Five Reasons Why Church Revitalization Leaders Must Be Risk Takers

We have rightly described church planters as risk takers.

They start churches. They often have little funding. They typically have no building to begin. Many have no members at the onset.

So, church planting is indeed inherently risky.

But I would argue that church revitalization must be risky as well. Indeed, I believe church revitalization leaders should be consummate students of risk taking and change leadership. Let me offer five reasons why:

  1. There is no such thing as a status quo church. Here is the harsh reality in today’s culture. Churches are either headed toward greater health or they are declining in health. Many of the declining churches are dying. There are no churches “holding their own” or “hanging in there.” We need risk-taking leaders to lead church revitalization because the alternative is dying and death.
  2. Churches that need revitalizing must be led by change agents. That path is risky. Change can be painful. Change is often resisted. Change can be three steps forward and two steps backwards. But if the revitalization leader does not lead change, the church will not become healthier.
  3. Leaders of revitalization must be willing to risk their jobs. Leaders of revitalization know the harsh reality of job insecurity. Thousands and thousands of change leaders have been fired because they upset the status quo or threatened the power group. While leaders should not foolishly lead change, any change they lead could result in their ouster.
  4. Criticism is a constant for risk-taking leaders of revitalization. Thus, many leaders in these churches revert back to behaviors of risk aversion. To use a sports metaphor, they play defense instead of offense. Church revitalization leaders must be willing to endure the almost daily doses of criticisms that will come their way.
  5. Revitalization will take place when a leader points to the discomfort of an untraveled future path rather than remaining in the comfort of a well-worn present. It takes a leader willing to take risks to look to the future. It is not fully known. It is not the way we’ve always done it. It is downright uncomfortable for most people.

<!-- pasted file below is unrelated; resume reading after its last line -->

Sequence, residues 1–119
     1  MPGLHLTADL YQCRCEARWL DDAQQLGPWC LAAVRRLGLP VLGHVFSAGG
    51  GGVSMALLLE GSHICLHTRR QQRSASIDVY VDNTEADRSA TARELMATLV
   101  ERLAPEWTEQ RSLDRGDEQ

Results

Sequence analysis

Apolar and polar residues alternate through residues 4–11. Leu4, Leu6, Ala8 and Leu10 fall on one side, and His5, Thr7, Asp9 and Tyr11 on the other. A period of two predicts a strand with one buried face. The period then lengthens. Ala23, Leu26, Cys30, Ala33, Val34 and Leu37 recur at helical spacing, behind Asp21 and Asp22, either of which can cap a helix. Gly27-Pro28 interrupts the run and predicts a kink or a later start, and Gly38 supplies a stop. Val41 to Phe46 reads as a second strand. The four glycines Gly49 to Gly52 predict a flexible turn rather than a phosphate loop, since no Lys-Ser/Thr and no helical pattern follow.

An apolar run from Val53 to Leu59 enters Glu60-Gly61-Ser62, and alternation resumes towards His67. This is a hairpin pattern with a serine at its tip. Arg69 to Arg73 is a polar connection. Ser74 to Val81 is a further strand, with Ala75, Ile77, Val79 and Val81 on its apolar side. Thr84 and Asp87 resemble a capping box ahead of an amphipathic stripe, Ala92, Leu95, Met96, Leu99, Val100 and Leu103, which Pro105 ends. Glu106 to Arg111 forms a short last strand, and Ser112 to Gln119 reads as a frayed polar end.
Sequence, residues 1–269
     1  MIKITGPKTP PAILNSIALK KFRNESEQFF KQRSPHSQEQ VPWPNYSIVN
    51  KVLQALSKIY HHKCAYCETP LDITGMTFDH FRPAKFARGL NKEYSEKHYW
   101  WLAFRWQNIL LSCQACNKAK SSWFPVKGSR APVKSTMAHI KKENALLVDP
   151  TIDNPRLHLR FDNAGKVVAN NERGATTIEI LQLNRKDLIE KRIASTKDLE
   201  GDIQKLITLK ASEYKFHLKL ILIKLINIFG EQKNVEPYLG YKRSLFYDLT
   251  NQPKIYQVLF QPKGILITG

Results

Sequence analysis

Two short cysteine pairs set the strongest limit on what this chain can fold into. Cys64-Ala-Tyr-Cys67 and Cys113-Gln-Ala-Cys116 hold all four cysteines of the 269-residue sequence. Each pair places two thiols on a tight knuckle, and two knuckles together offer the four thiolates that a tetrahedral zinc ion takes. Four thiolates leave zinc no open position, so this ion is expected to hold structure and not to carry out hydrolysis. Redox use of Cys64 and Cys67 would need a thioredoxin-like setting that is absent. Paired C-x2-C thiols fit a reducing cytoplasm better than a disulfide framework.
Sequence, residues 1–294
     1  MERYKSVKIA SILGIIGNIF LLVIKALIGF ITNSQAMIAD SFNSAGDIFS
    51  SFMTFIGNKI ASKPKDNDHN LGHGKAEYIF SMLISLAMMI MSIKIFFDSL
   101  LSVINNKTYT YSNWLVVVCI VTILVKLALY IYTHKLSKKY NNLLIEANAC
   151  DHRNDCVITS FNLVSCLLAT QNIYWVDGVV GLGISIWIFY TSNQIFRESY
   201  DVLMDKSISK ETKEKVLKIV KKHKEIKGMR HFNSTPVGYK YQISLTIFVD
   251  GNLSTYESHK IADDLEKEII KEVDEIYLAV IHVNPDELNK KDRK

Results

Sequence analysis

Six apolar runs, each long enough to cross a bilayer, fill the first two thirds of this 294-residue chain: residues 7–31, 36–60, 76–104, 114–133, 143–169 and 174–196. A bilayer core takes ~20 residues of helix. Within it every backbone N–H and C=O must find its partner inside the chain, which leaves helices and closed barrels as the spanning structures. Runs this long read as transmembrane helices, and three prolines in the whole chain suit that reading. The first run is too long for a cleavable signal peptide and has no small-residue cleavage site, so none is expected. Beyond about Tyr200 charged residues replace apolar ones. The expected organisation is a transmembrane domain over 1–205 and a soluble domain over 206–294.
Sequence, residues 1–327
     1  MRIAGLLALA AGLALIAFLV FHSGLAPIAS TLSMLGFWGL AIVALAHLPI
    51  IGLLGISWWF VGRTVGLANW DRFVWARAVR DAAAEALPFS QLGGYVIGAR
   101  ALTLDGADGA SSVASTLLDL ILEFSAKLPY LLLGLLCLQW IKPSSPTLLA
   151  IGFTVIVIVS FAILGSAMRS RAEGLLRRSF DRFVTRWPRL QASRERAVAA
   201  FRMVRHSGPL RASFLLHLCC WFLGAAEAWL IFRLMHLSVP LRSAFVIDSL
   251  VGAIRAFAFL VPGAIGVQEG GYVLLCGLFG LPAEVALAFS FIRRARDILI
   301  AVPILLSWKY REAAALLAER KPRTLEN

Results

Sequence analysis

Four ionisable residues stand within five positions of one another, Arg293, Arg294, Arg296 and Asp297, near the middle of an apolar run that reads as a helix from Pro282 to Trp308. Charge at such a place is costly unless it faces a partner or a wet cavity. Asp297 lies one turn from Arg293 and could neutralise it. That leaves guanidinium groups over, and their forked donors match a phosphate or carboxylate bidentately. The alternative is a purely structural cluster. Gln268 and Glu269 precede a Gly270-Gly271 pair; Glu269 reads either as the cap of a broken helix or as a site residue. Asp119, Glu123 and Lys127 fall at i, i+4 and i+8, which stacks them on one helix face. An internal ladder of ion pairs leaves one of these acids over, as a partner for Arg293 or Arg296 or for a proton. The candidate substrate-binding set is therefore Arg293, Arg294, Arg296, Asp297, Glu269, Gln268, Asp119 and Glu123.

In the past, we often saw the established church as a place where leaders could move so slowly that progress was imperceptible. And that was okay, because the churches of the past offered stability and sustainability. Such is not the case today. Leading a church toward revitalization is risky business. But it is a necessary business. And risk is really the path all leaders should take. There is a word in the Bible that reflects this leadership disposition more clearly.

The word is faith.

Let me hear from you.

Posted on July 23, 2018

With nearly 40 years of ministry experience, Thom Rainer has spent a lifetime committed to the growth and health of local churches across North America.
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  • Victor close says on

    I am the lay person who sees the need for change. Beyond giving the pastor your book on becoming a welcoming church (which I did) praying and recommending a committee to look for ways to be welcoming and praying for our pastor and other leaders what else can I do?

  • You have said many times that a pastor leading revitalization needs to make sure that his/her family, especially spouse must be in agreement or on board. Point #3 drives that home, the risk of losing income. That risk begins when you accept the position at a church which you already know needs revitalization.

    Before you accept the position be sure you and your family can and are willing to take the risks.

  • One of the most honest and practical articles regarding leading a church revitalization that I have ever read. Thank you Dr. Rainer for your leadership and insight!

  • Larry McGee says on

    Mr. Rainer, I am a lay person. Specifically, how
    does a church realize that
    it needs revitalization?

    • Larry –

      My little book, Autopsy of a Deceased Church, addresses what churches did or did not do that led to their death. It should answer your question directly.

      • Walter Woodall says on

        Excellent book. Basis of our beginning at revitalization at 1st. Baptist LaFayette, Al.
        Being led by Pastor Scott Ferguson.

      • Greg Aery says on

        And its a great read. I highly recommend that book. Just gave it to my board in this new church ive been assigned for the purpose of revitalization.

    • Larry McGee says on

      Thank you. I will order the

  • Mike G. says on

    Good article. I was encouraged.

    I guess this is part of point #1: My experience is that churches often don’t realize that change is needed in order to move forward. I remember being told that “our church is poised and ready for our new pastor to lead us to new growth” (i.e. we’re right on the verge, and if you can just keep it up we’ll really take off!) When in reality, they were declining, in financial crisis, and had an ineffective staff. It is an especially hard calling when the congregation (and staff!) expect new growth (numerical, depth, etc.) without the expectation that anything will actually need to change.

  • William Secrest says on